(Incidentally, the current implosion is why shows outside of the Dallas/Fort Worth Metroplex require a LOT of vetting these days. For the last three years, Galveston of all places has been the focus of a series of intended conventions and shows that made huge promises of giant crowds and wild events, only for everything to disappear about a month before the start date. The things disappearing include booth fees and deposits: without fail, vendors receive cryptic letters about refunds “eventually”, just before the show’s Web site and Facebook page shut down in the middle of the night. Again, bullet-dodging: several friends lost a considerable amount of money they couldn’t easily replace on one show that fell apart when a fellow vendor called the hotel to find out about loading access and was told the hotel had no knowledge about the show at all. Even worse, most of these incidents weren’t due to any specific malfeasance, but instead from not understanding that telling friends “Hey, let’s put on a show” and actually launching an event have a lot of steps in between that are lubricated with elbow grease and the occasional liter of blood. Combine this with an absolute certainty that somehow, magically, everything will work out all right in the end, and you get shows that create rueful new memes for attendees and financial disaster for vendors and guests.)
Alternately, besides plotting new events at the gallery (many of which may include the previously mentioned neighbors, depending upon their schedules), it’s time for more outreach as well. The move precluded a lot of lectures and events at schools and museums, and it’s time to get that back up and going. Among other things, I’ve needed a good excuse to bug the Fort Worth Museum of Science & History about getting involved with one of its adult programs, and it may be time to do a black light show with traps and blooms to show how they glow under ultraviolet light.
Press and Publicity
When it came to local news coverage, 2017 was much more lively than 2016. It started with the final ARTwalk at Valley View, with the Dallas Observer reporting on plans for the remaining artists, and then with the Observer coming back for the soft opening last July. Suffice to say, nobody was more surprised than I was to win a Best of Dallas Award this year, or eighth place in the best date spots in Dallas. This coincided with a serious reevaluation of the Observer over the last couple of years: the paper is no longer the smarmy, bloated mess it was at the beginning of the century, and it’s now the paper we all wish it had been back when competitors such as The Met and DFW Icon were trying to usurp it. (In particular, I exaggerate not a whit when I compare dining editor Beth Rankin to the late Chicago columnist Mike Royko, one of my childhood heroes. Her articles are a wonderful blend of serious, funny, and thoughtful, with a constant subtext of “I gave you enough rope to hang yourself, so thank you very much for surprising me” like Royko’s best columns. And if you don’t think Dallas needs someone like her, just look back 17 years to when the Observer was facing, and losing, actual libel suits for its dining coverage.) Now that the gallery is established, it’s time to get more word out, and buying advertising means that supporting the new Observer goes beyond lip service.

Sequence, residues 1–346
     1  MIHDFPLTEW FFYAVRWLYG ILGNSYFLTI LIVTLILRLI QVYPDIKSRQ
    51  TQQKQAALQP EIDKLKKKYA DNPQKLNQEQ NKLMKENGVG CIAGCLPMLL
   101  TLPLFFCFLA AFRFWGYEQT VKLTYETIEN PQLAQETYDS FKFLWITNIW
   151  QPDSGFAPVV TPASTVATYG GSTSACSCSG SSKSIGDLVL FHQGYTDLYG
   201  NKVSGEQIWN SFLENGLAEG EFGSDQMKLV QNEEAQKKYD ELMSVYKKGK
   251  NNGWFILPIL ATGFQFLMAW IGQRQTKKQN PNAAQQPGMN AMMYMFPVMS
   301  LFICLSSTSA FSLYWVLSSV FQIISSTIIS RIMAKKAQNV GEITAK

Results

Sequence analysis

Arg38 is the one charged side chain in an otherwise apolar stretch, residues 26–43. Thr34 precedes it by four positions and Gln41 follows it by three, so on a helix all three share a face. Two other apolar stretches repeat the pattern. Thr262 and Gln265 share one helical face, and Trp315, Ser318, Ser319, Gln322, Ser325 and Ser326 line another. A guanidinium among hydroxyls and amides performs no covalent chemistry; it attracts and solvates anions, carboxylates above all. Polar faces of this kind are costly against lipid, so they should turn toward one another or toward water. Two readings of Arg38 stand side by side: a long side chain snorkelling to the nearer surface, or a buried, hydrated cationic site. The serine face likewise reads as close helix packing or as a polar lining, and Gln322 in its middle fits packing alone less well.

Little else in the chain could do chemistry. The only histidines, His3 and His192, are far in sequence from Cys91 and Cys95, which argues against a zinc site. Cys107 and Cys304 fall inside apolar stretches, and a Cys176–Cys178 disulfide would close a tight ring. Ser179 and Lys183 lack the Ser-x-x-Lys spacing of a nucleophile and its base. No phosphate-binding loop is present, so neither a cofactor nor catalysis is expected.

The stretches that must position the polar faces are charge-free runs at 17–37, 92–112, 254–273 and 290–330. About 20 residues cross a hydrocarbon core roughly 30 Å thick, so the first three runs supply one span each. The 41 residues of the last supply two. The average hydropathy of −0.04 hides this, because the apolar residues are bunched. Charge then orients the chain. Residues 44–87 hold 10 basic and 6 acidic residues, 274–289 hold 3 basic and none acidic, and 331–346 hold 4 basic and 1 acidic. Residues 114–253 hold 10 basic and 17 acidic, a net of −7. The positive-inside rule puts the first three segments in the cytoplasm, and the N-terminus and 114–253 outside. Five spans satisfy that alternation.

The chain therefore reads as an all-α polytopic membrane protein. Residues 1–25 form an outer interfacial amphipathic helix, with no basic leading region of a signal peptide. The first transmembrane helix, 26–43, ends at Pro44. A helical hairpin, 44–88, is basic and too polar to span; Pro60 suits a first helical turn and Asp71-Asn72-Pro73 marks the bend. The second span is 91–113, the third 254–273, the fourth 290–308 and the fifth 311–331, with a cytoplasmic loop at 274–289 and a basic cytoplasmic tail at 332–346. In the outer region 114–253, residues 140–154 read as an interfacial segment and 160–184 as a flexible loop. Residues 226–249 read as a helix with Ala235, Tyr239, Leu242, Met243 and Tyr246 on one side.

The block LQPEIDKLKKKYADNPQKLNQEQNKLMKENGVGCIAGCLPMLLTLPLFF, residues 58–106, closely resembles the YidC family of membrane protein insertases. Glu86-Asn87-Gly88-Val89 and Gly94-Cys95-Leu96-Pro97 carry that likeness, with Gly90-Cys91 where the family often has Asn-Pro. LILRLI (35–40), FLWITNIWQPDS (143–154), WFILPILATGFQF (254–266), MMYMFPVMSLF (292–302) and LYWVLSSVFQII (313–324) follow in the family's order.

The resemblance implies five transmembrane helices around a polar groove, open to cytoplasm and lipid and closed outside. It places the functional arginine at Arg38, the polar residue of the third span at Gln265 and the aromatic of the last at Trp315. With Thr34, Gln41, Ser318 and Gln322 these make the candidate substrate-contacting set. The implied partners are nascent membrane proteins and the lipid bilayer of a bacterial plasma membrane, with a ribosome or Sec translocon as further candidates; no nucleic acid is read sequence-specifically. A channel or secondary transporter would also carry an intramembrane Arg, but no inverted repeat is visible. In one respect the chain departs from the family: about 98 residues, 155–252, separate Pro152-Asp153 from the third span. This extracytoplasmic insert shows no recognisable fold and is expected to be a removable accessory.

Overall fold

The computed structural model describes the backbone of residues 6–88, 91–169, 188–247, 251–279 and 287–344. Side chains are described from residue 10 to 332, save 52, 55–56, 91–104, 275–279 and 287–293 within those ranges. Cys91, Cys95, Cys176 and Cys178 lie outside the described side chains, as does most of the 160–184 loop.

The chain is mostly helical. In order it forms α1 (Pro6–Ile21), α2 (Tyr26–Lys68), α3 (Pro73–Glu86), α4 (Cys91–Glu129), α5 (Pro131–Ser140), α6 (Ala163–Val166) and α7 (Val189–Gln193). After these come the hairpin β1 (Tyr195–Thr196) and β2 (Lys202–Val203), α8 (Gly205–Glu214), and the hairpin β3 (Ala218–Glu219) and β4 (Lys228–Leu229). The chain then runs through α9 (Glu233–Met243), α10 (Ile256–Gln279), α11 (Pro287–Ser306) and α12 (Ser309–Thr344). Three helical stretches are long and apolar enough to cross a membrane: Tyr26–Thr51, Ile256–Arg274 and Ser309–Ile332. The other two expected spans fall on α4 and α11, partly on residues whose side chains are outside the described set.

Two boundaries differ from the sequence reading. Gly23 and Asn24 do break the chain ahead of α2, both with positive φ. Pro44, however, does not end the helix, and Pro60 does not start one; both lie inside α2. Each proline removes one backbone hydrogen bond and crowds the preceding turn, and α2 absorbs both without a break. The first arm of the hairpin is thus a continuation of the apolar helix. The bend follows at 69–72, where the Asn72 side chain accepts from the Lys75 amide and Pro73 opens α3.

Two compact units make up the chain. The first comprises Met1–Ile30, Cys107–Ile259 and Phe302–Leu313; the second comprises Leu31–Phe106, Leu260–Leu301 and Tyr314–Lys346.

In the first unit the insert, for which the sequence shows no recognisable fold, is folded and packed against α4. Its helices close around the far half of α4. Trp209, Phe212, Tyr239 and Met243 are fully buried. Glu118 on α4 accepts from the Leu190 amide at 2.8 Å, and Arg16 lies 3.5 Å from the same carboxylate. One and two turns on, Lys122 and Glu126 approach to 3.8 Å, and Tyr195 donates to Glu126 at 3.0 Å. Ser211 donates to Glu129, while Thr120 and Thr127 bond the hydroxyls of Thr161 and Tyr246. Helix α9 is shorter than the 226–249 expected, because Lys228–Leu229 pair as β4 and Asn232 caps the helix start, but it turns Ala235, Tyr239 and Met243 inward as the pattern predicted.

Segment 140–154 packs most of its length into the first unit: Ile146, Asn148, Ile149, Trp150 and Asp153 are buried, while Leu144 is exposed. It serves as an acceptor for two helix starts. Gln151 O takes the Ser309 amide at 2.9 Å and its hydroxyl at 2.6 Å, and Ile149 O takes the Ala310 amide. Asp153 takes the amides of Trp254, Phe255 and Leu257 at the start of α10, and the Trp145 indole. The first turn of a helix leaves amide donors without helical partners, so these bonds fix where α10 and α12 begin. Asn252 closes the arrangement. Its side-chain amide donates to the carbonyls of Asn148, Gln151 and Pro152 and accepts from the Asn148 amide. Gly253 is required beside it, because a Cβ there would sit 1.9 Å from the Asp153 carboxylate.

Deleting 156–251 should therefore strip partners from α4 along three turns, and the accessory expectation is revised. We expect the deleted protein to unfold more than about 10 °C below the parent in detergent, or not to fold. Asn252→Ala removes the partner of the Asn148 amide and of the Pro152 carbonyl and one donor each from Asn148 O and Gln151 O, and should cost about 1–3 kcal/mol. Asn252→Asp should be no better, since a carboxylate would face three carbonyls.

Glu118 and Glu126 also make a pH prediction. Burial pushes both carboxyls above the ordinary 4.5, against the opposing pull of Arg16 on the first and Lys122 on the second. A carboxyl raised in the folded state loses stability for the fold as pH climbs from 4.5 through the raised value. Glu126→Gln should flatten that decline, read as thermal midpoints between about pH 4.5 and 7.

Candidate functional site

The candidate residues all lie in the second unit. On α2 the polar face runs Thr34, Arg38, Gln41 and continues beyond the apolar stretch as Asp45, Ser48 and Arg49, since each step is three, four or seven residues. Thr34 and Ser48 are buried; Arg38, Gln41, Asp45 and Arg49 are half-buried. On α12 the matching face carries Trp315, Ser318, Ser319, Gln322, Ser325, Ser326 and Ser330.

Elsewhere, a shot of the old gallery even showed up in a pictorial in D magazine of Black Friday 2016 at the old Valley View space. I won’t even complain about it being run a year late, presumably spiked in favor of the monthly “76,233 Best Doctors Willing to Pay For a Full-Page Ad” cover story: I’m just thrilled to discover that someone at D has an interest in plants and plant byproducts that never comes anywhere near the term “levamisole toxicity”. Miracles abound.
Strange as it may sound, 2018 is going to be “more of the same”. Most of the plans for next year include lots of alternatives to the shows in which it all started, starting with more events at the gallery. This includes more involvement with groups such as the Arts Incubator of Richardson, as well as gallery tour events through the Dallas area. In addition, it’s time to return to events sadly neglected while getting the old Valley View gallery going: among many other things, it’s time for future Triffid Ranch tables at local reptile shows, museum events, and one-day pop-up shows. Everything, of course, depends upon the Day Job and factors completely uncontrollable, but it’s time to go outside, and 2018 is the year to start walking.
As a sidenote, the upheaval prevented attempts to keep up with everyone online, and that’s already being rectified. In addition to an increased posting schedule, those efforts include a new mailing list that starts up at the beginning of the new year, improvements to the current site (some of you may already notice that the ads that infested the old site are gone, and now it’s a matter of going through all of the external links and removing or updating the defunct ones), and maybe even a bit of video. Now to develop a vaccine for sleep so there’s time to do all of this.
As always, time and tide melt the snowman, so 2018 might end on a drastically different note. As if anyone expected anything different. The main thing is that 2017 epitomized “Hold my beer and watch this,” and barring a truly unfortunate accident with temporal paradoxes, we won’t have to go through it again. Now let’s go explore the new year.